Donnerstag, 04.10.2018, 02:06:39 Uhr
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    New tool helps scientists better target the search for alien life Lausanne, Switzerland (SPX) Oct 03, 2018 -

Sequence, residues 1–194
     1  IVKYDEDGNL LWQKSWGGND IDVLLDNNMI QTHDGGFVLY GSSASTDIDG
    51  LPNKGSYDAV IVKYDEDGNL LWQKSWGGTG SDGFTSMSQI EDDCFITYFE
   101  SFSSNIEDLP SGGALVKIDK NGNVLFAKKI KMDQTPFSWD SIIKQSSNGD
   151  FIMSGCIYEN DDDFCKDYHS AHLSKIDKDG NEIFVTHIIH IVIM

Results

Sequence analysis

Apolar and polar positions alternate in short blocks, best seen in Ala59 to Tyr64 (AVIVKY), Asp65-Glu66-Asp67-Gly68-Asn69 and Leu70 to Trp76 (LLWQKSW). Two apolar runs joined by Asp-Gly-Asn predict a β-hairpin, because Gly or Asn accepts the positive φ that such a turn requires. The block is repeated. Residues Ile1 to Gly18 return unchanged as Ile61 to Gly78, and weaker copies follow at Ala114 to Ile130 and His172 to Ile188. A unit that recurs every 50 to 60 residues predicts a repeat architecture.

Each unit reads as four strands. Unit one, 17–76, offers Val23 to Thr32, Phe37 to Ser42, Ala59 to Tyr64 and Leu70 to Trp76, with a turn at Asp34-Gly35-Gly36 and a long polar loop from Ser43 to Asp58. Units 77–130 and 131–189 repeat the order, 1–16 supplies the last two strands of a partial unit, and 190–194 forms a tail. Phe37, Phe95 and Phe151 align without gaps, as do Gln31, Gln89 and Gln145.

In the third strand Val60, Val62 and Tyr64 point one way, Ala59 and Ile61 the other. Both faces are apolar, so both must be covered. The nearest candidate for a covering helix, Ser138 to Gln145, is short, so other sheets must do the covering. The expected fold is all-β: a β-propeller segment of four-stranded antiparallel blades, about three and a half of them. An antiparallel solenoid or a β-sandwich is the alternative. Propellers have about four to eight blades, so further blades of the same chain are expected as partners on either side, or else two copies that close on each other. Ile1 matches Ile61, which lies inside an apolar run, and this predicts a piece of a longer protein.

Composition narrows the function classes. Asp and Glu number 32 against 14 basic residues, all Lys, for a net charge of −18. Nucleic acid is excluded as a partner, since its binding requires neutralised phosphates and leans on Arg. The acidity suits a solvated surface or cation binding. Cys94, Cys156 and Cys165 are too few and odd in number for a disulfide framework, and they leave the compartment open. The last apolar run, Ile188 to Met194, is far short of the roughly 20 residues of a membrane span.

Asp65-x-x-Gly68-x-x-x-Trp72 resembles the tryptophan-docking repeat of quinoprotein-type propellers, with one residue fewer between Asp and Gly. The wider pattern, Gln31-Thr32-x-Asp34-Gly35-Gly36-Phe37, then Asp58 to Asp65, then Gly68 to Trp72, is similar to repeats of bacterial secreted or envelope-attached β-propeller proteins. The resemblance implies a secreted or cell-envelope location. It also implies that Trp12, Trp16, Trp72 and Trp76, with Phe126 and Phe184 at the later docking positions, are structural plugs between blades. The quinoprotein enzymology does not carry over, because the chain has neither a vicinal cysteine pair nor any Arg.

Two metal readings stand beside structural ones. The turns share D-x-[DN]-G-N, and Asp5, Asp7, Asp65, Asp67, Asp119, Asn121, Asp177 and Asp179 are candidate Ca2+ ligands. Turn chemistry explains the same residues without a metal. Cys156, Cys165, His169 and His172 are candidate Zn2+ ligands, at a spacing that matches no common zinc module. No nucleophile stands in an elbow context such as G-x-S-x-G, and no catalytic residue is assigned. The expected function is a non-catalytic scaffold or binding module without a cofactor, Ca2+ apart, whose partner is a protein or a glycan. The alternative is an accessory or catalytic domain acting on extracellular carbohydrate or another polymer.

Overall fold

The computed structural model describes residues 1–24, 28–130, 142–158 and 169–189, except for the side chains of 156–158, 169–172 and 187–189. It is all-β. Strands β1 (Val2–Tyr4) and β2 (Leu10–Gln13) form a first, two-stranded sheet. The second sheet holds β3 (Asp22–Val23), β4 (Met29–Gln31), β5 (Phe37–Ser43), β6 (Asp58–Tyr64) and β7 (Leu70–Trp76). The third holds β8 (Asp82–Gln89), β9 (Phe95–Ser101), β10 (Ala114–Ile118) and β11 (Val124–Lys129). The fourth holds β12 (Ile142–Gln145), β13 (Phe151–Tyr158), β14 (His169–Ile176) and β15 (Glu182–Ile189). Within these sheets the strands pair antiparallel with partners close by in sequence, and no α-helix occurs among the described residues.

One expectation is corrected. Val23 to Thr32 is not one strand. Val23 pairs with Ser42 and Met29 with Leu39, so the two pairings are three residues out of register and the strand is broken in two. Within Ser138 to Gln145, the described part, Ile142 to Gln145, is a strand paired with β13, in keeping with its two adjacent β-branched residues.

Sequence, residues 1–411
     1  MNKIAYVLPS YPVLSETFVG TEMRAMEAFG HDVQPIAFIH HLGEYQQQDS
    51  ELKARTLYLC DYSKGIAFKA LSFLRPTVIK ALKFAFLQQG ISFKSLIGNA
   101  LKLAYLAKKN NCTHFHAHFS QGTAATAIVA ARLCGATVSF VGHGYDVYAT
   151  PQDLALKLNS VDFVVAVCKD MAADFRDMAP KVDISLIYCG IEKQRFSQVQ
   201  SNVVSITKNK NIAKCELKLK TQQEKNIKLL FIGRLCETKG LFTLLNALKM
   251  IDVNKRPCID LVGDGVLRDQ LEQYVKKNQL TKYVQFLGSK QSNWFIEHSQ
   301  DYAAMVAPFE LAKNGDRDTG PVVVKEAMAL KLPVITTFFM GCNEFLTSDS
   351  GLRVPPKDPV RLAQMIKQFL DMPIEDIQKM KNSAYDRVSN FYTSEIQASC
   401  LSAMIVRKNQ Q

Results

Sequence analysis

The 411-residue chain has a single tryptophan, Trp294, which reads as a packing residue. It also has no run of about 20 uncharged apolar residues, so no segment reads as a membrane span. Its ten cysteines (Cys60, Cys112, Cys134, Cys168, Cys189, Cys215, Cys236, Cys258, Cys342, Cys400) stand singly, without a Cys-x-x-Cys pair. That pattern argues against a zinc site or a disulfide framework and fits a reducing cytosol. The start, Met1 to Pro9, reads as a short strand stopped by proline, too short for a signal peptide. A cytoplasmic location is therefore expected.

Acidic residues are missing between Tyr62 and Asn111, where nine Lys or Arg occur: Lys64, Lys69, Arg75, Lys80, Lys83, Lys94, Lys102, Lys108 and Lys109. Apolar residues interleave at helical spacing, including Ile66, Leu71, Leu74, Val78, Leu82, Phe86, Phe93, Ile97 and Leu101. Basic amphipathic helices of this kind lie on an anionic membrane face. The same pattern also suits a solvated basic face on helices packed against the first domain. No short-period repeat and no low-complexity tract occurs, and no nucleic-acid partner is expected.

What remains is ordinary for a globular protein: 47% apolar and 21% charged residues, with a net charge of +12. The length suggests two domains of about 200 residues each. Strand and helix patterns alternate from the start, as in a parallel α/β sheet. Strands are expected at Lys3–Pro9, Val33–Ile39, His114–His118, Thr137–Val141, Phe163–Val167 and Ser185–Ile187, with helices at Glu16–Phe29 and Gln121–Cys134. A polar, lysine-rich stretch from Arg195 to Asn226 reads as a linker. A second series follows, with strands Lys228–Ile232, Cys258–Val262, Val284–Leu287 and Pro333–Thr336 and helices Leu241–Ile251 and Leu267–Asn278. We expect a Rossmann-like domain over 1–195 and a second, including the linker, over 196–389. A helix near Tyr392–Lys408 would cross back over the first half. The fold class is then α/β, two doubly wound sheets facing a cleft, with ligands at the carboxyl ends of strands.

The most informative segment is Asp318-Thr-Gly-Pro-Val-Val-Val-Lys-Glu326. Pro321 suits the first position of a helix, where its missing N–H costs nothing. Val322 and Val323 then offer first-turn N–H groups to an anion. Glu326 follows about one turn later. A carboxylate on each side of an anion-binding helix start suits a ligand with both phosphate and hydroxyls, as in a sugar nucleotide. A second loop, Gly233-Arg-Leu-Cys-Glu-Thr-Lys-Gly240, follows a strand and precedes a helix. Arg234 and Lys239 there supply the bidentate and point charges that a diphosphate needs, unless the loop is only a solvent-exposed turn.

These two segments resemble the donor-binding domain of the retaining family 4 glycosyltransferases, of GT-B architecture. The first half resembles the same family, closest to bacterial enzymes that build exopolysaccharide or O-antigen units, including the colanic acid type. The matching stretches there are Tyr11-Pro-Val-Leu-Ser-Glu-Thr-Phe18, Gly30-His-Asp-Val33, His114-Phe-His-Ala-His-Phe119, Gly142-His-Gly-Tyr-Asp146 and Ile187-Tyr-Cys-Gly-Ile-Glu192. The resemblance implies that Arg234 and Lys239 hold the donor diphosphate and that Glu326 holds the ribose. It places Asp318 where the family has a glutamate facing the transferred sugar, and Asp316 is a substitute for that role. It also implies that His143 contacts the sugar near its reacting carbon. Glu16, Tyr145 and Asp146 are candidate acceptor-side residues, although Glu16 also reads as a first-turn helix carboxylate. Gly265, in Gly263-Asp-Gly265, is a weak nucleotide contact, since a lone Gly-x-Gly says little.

Could there be another planet out there with a society at the same stage of technological advancement as ours? To help find out, EPFL scientist Claudio Grimaldi, working in association with the University of California, Berkeley, has developed a statistical model that gives researchers a new tool in the search for the kind of signals that an extraterrestrial society might emit. His method - described in an article appearing in PNAS - could also make the search cheaper and more efficient.Atrophysics initially wasn't Grimaldi's thing; he was interested more in the physics of condensed matter. Working at EPFL's Laboratory of Physics of Complex Matter, his research involved calculating the probabilities of carbon nanotubes exchanging electrons.But then he wondered: if the nanotubes were stars and the electrons were signals generated by extraterrestrial societies, could we calculate the probability of detecting those signals more accurately?This is not pie-in-the-sky research - scientists have been studying this possibility for nearly 60 years. Several research projects concerning the search for extraterrestrial intelligence (SETI) have been launched since the late 1950s, mainly in the United States.The idea is that an advanced civilization on another planet could be generating electromagnetic signals, and scientists on Earth might be able to pick up those signals using the latest high-performance radio telescopes.Renewed interest